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Various combinatorial analysis problems involving ordering of groups

  1. Sep 17, 2010 #1
    This particular problem has me stumped. I've looked through all the equations given in the book, but none seem to fit this problem correctly. Instead, I tried solving it logically, but I'm stuck on what seems to be the last step of every part. Any help is appreciated!

    1. The problem statement, all variables and given/known data
    Let's say that there are 8 people to be seated in a row.
    1. if there are 4 men and 4 women, and no 2 men or 2 women may sit next to each other, how many ways can they be seated?
    2. if there are 5 men and they must sit next to each other, how many ways can the people be seated?
    3. if there are 4 married couples and each couple must sit next to each other, how many ways can this be done?

    2. Relevant equations
    The basic counting principle, and other combinatorics equations such as n taken r times, and the division of n into r distinct groups by [tex]\frac{n!}{n_{1}!*n_{2}!...n_{r}!}[/tex].

    3. The attempt at a solution
    To visualize the problem, I wrote out the seating arrangements as such:
    (M1 W1) (M2 W2) (M3 W3) (M4 W4)

    Keeping in mind that no two men or women may sit next to each other. In this sense, there are 4! combinations of women, and 4! combinations of men. Multipling [text]4! * 4![/tex] yields 576 combinations. However, the answer in the book is 1152 combinations. I think I might be missing a step here.

    Like before, I wrote out the seating arrangement in such a manner:
    (M1 M2 M3 M4 M5) W1 W2 W3

    where M represents a man and W a woman. Now, there are 5 men, so the number of ways to order them is 5!. Likewise, with 3 women, they can be ordered in 3! ways. However, I'm not sure how to relate the two values to each other. That is, I know that for every combination of men, there is a combination of women. Multipling [tex]5! * 3![/tex] only gets me half way to the solution, which is 2280.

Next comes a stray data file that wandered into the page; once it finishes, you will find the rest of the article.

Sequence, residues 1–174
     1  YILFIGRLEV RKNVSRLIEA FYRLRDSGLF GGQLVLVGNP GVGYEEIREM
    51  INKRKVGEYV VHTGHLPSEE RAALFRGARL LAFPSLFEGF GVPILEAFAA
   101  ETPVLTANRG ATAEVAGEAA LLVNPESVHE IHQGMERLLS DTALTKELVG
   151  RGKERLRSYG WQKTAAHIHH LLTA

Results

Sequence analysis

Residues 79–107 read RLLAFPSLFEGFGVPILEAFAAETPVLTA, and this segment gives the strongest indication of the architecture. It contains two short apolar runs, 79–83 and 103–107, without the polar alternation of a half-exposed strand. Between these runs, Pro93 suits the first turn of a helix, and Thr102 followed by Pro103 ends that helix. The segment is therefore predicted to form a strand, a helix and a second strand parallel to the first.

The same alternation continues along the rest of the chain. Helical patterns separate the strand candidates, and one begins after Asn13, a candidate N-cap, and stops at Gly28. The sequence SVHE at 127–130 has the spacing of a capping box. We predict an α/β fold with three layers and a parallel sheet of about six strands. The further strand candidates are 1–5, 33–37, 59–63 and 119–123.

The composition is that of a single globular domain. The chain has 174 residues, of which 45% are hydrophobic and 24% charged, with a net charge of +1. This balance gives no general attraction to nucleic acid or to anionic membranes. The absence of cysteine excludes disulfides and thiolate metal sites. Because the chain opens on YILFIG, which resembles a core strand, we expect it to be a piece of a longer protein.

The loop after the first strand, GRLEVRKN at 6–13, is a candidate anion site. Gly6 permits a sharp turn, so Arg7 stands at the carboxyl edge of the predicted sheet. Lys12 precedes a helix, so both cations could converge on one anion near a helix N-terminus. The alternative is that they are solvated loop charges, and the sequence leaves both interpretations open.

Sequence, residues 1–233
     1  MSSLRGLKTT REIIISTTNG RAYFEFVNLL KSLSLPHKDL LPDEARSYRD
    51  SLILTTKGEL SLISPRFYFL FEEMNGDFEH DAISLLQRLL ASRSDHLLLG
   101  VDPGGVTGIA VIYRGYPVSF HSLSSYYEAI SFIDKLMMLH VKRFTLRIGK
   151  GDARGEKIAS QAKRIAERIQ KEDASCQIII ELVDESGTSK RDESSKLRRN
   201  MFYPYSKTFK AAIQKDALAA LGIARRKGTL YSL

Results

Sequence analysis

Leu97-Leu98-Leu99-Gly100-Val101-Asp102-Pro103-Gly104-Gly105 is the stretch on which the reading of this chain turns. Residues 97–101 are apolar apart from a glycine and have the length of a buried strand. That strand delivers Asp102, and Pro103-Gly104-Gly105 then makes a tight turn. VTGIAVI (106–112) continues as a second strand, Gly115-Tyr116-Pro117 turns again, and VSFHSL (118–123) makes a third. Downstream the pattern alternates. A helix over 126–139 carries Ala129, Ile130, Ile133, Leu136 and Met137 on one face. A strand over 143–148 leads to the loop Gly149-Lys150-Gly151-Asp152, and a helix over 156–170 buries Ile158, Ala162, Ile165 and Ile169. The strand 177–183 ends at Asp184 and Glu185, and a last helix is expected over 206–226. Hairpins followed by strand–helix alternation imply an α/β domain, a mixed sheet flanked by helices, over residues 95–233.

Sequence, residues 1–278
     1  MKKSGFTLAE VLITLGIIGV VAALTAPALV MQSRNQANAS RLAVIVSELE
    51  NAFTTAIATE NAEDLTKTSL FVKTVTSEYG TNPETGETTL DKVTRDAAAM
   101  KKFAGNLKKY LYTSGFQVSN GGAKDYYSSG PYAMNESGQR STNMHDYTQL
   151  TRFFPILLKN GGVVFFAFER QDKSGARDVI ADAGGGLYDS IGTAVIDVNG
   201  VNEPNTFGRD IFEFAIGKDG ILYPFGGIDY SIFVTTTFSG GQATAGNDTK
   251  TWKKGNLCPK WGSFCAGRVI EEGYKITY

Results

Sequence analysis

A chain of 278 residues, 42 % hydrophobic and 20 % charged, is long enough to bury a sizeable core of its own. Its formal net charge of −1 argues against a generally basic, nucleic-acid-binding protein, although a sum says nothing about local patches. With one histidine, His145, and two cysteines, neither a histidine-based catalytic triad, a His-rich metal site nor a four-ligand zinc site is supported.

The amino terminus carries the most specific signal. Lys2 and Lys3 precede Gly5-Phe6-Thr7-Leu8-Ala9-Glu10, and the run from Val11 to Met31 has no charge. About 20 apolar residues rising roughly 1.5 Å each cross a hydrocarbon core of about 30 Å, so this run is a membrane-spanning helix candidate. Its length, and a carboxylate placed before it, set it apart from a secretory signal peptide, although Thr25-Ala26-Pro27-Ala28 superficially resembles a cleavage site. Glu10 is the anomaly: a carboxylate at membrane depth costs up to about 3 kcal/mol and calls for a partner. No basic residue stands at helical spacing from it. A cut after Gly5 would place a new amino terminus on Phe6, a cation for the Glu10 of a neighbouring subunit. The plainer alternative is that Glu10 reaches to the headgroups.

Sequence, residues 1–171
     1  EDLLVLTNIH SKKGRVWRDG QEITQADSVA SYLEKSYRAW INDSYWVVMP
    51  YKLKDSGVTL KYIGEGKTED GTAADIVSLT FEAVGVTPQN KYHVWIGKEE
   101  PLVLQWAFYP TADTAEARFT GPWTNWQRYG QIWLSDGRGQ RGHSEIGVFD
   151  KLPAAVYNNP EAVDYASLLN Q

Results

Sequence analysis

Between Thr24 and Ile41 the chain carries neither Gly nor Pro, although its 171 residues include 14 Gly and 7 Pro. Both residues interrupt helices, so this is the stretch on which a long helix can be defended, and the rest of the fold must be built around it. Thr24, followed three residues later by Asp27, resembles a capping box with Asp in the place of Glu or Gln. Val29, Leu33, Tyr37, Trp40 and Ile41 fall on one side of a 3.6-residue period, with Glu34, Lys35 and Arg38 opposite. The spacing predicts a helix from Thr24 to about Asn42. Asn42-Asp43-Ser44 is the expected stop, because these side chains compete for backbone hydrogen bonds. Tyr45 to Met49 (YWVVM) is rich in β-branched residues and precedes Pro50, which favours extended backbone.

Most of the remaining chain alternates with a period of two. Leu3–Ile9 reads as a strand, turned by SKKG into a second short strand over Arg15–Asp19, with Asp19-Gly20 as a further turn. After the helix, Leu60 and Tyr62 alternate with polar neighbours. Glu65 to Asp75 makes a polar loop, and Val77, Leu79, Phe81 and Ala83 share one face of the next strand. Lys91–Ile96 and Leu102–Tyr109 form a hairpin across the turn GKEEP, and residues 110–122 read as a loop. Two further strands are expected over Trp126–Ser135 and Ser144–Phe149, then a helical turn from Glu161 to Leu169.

This seems to be similar to part 1. I ordered the men and women as in the diagram in the first part, and since these are couples, I reasoned the solution to be this:
    There are 4 pairs, so they can all be arranged in 4! ways. Since there are no restrictions on the ordering of men next to women or men next to men, each couple can sit in 2! ways (that is, husband first or wife first in the left-most seat). Therefore, [tex]4! * 2![/tex] yields 48 ways. However, the solution is 384.

    It seems that somewhere along the way I missed a key idea. Can someone point me in the right direction? Thank you!
  2. jcsd
  3. Sep 17, 2010 #2


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    For if there are 4 men and 4 women, and no 2 men or 2 women may sit next to each other, how many ways can they be seated, did you take into account where the first person sits?

    Say we have 8 seats like so:


    First, we need to choose where the men are sitting. Are they sitting on the left grouping, or are they sitting on the right grouping?
    Here, you've said:


    and considered the cases for combinations of already chosen "male" and "female" seats; but what about if we switched them and said:

    FM FM FM FM,

    Isn't this another way?

    Thus, you were correct when you said,

    4! * 4!, but you're missing something.... hope this hint helps for no. 1
  4. Sep 17, 2010 #3


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    2.) What you're forgetting here is similar to number 1. Did you consider the cases where we have:


    Because those are also correct ways to seat the men and women such that they are seated beside each other. If you notice, these are 3 completely different ways! Hint: How do these pertain to what you're counting? I'm going to give you less hints as we go, because they build off each other. If you need clarification, just quote and ask :)
  5. Sep 17, 2010 #4
    Aha, I see! So for (1) I would have to multiply by 2! for the inverted combinations of men and women pairs, so [tex]4! * 4! * 2![/tex] = 1152. Likewise for (2), there would be a total of 4 different seating arrangements as you mentioned, so that means [tex]5! * 3! * 4[/tex] = 2880.

    I think I'm starting to see what I missed in my calculations. I'll see what I can come up with for part (3). Thank you for you help btw! :) This should clear up my understanding.
  6. Sep 17, 2010 #5


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    :cool: I'm glad to be of service! I remember taking that class long agooo, and it was fun but rigorous :confused:

    If you ever need any help in combinatorial homework/proofs/identities etc, just pm me or post on my wall too :)
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